China considers revised law to boost Red Cross transparency

Updated: 2016-06-27 17:20


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BEIJING  -- China is considering setting up an information disclosure system and allowing third-party auditors to supervise the use of donations to Red Cross societies nationwide, according to a bill unveiled in the top legislature on Monday.

The bill to revise the Law on the Red Cross Society was brought up for a first reading at the ongoing bimonthly session of the Standing Committee of the National People's Congress (NPC).

Red Cross societies should regularly publicize information about donations they receive and how they are spent, according to the draft.

The societies should also establish a system for financial management, internal control, public auditing as well as supervision and examination of their funds and assets, the draft stipulates.

Independent third-party agencies should be hired to audit the sources and use of donated money and materials, and the results should be reported to the board of directors of Red Cross societies, according to the bill.

The draft says a board of supervisors should be established at Red Cross societies at various levels to supervise the board of directors and its executive committee.

According to Monday's bill, those creating, publicizing and spreading false information to denigrate the Red Cross Society of China (RCSC) may bear civil or criminal liability.

The revision aims to improve supervision and internal governance of Red Cross societies in response to public concern, said Wang Longde, deputy head of the NPC's Education, Science, Culture and Health Committee, during the session, which runs from Monday to Saturday.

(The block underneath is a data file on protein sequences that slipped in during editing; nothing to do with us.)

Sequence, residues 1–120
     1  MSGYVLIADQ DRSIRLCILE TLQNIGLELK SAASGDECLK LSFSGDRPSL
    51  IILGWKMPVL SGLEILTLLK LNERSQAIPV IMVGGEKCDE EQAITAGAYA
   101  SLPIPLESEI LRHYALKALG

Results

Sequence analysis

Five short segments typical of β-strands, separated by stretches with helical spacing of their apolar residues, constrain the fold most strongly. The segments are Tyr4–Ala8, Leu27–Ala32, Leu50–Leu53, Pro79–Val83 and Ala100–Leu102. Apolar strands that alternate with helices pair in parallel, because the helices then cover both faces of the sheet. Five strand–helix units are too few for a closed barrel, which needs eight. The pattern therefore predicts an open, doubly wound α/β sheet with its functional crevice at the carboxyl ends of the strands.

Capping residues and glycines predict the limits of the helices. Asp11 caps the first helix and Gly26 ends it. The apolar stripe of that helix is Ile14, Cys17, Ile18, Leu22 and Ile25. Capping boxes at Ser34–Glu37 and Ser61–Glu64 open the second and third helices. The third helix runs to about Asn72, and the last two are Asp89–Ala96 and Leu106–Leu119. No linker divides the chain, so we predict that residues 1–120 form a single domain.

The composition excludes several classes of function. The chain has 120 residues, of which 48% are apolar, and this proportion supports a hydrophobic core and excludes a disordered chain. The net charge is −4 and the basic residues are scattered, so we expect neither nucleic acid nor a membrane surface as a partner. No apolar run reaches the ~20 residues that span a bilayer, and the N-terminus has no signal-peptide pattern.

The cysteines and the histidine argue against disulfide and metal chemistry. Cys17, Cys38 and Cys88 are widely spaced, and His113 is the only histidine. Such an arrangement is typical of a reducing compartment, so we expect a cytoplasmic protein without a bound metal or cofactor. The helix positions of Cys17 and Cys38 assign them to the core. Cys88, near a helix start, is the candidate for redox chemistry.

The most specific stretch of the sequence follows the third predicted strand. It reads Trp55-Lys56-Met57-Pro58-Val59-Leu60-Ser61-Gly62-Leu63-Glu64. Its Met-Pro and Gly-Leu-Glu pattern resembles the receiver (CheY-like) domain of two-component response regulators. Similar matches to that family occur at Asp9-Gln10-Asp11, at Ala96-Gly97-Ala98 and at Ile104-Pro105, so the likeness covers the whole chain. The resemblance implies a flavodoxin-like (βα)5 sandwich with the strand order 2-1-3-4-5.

The draft is the first attempt to revise the law in more than two decades since it was enacted in 1993.

China's Red Cross societies have grappled with a trust crisis in recent years.

The reputation of the RCSC took a major hit in 2011, when a woman calling herself Guo Meimei, who claimed to work for an association affiliated with the organization, posted photographs showcasing her lavish lifestyle online. This led to speculation that charity money might have been embezzled to fund her extravagances.

A third-party investigation said neither "Guo Meimei" nor her apparent wealth had anything to do with the RCSC. But it also pointed out that serious flaws existed in the management of the China Business System Red Cross Society, one of the RCSC's fund-raising groups.

As the largest organization of its kind in China, the RCSC, which boasts over 98,000 sub-organizations and more than 26 million members, plays a major role in providing humanitarian assistance nationwide.